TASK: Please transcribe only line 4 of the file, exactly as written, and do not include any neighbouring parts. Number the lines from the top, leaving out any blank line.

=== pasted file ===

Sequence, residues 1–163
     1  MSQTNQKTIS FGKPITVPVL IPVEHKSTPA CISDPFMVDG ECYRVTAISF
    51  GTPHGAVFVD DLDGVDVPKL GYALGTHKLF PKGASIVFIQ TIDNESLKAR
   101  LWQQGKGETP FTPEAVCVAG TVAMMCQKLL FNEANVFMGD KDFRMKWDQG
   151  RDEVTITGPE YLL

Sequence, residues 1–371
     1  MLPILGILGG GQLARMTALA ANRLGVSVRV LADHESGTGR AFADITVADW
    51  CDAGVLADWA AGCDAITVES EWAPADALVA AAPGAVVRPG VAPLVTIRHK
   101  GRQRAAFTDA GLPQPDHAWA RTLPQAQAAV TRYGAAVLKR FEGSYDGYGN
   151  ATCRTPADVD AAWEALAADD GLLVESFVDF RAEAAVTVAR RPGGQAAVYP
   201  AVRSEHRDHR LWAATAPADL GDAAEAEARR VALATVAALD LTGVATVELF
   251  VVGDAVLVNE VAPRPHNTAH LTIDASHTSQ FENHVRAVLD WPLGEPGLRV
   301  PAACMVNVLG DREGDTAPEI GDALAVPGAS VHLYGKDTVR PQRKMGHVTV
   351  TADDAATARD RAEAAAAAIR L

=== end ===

   101  LWQQGKGETP FTPEAVCVAG TVAMMCQKLL FNEANVFMGD KDFRMKWDQG